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The sinking peso

Trump already has Mexicans losing faith in their economy

Trump already has Mexicans losing faith in their own economy

Trumponomics: VICE Money comments on the economics of the Trump era.

Consumer confidence in Mexico fell to a record low in January as Donald Trump took office and promptly got into a public, nasty spat with Mexico’s president.

Bank of Mexico data showed its consumer confidence index fell in January to its lowest level since the central bank started collecting data, back in 2001.

The sharp decline in Mexican consumer confidence is just one of the myriad ways Trump’s election and presidency is reverberating through global economics and business. As the data rolls in, our Trumponomics series will periodically point out examples of where Trump’s presence is clearly having an outsized impact.

There are good reasons for Mexicans to be nervous, even setting aside the fact that Trump’s campaign began with a speech in which he essentially called Mexican immigrants criminals and rapists.

Trump has vowed to overhaul the North American Free Trade Agreement, potentially disrupting Mexican trade with its single largest market. Trump’s nominee for commerce secretary, billionaire investor Wilbur Ross, has said revamping the trade deal would be his top priority if confirmed. And amid a spat with Mexican leaders in late January, Trump administration officials have floated the idea of a 20 percent border tax on Mexican imports, with revenues to be used to pay for the border wall the president promised during the campaign.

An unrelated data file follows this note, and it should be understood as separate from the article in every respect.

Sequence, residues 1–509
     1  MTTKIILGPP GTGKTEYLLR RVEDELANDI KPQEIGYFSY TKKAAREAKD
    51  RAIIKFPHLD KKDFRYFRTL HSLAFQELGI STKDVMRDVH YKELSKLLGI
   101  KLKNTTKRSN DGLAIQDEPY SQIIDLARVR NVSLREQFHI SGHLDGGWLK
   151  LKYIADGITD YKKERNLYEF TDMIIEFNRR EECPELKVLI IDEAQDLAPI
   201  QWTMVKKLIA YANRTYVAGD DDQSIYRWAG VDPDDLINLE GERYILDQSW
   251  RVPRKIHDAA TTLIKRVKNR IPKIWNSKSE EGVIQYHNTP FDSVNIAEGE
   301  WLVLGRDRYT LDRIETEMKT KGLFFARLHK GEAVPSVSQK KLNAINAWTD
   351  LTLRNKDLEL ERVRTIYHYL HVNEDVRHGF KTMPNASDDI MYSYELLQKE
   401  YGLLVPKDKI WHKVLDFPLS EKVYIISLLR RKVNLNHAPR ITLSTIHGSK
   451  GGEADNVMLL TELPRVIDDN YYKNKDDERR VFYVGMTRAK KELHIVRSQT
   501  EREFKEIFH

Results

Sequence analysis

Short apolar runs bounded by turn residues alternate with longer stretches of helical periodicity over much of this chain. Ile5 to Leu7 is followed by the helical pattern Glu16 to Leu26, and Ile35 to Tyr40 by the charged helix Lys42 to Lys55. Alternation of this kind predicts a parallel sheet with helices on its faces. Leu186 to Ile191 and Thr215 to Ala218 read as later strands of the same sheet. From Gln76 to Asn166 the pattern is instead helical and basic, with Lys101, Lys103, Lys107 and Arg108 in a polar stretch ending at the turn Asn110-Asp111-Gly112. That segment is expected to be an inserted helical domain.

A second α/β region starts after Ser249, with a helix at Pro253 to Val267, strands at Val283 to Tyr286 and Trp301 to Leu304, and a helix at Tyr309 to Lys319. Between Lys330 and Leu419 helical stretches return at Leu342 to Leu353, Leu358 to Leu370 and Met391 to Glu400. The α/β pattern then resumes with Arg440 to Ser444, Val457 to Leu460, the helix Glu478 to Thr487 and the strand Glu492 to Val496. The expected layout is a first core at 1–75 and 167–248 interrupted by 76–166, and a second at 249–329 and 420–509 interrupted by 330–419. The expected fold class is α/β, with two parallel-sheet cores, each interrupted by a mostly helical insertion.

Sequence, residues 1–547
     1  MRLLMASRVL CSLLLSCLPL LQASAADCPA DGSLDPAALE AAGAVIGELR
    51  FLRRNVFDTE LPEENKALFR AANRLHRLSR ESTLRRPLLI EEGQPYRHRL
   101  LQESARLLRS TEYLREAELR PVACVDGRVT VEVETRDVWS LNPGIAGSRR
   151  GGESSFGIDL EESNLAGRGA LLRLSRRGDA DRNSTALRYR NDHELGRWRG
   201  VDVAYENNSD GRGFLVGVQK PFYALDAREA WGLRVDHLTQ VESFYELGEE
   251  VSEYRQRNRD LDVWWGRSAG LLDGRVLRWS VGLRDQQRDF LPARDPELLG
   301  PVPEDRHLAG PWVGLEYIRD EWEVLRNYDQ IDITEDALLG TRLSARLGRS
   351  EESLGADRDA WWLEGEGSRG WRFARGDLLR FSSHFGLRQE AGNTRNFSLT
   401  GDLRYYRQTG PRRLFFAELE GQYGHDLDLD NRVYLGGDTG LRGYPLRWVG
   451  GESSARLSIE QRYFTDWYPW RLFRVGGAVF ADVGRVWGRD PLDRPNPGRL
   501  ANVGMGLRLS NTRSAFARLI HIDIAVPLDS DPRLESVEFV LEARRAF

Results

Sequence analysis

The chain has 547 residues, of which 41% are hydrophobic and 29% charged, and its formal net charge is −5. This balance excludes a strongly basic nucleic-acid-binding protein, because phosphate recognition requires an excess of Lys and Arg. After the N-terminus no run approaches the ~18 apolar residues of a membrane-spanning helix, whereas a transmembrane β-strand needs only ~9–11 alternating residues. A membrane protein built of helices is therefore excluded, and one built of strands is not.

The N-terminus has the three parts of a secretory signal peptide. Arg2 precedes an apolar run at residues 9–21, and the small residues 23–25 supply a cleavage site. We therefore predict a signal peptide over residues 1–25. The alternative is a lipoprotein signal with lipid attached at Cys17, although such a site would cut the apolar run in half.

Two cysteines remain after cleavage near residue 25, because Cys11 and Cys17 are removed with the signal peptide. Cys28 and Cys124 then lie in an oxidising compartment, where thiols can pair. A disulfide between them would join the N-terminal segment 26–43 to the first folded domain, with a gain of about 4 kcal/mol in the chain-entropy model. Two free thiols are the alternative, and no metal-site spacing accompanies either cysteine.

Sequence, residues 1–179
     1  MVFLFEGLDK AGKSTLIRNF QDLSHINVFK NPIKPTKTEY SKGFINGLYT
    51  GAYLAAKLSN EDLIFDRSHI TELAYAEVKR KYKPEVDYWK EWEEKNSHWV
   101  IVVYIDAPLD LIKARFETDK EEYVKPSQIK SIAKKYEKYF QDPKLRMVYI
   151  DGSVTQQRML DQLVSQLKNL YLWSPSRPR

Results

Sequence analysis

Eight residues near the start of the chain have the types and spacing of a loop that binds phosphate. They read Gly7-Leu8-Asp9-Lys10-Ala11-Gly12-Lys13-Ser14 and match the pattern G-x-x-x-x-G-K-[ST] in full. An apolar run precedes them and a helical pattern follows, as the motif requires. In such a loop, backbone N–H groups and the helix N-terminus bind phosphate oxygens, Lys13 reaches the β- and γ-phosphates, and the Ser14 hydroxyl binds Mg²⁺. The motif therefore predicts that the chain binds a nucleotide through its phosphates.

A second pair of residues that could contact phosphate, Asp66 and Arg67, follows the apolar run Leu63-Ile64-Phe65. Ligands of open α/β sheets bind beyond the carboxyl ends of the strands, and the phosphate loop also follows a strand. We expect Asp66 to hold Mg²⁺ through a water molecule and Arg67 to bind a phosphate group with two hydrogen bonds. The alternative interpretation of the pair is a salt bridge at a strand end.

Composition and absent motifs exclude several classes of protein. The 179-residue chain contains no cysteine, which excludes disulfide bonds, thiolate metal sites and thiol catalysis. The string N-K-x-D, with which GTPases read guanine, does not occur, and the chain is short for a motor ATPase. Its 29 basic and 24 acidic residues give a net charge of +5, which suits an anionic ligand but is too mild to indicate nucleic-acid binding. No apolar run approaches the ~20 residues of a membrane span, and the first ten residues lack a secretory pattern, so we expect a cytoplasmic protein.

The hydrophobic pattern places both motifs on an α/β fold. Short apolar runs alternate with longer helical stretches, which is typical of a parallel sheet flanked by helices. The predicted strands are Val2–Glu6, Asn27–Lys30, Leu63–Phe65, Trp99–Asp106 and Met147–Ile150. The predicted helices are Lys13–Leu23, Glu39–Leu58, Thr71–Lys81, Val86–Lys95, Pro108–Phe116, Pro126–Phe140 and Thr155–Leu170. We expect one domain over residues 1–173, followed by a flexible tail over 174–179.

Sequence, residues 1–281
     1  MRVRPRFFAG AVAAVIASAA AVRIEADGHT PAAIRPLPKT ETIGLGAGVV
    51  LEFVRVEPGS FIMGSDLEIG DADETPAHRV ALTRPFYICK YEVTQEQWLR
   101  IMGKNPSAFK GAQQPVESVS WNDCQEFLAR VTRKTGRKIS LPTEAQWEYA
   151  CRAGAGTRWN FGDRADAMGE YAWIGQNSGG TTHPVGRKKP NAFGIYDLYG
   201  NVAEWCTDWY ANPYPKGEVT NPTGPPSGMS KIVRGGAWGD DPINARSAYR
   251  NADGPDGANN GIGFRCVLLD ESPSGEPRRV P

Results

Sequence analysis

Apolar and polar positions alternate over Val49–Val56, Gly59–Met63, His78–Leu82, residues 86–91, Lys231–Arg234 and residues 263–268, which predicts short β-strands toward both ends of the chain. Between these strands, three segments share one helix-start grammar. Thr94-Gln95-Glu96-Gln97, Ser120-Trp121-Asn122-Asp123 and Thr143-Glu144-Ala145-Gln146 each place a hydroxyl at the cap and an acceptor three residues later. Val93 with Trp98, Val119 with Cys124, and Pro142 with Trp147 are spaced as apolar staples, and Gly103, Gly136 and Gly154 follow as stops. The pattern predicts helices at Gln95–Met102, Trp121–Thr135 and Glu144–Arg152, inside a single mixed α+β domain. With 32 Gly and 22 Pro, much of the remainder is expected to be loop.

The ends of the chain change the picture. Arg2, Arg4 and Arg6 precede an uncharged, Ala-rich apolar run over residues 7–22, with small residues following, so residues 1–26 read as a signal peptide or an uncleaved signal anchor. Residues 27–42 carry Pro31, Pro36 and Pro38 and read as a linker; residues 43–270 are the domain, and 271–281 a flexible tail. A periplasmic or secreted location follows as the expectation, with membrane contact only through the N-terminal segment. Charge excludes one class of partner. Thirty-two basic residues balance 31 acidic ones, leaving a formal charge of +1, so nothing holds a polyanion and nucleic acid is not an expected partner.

The prospect of lower trade between Mexico and the U.S. has hammered Mexico’s peso. (All else equal, currencies fall if demand for a country’s exports decline.) The peso fell to a record low against the U.S. dollar in January.

And that causes a bunch of other problems for Mexico. Since a weaker peso pushes up the cost of imports, foremost among them gasoline, inflation will likely become a bigger problem. Gasoline prices already jumped roughly 20 percent in January, in a government move to cut subsidized fuel prices.

Protests and rioting ensued, with the people voicing displeasure at the gas price increases, Trump’s election, and Mexican President Enrique Peña Nieto.

No wonder people are a bit jittery.


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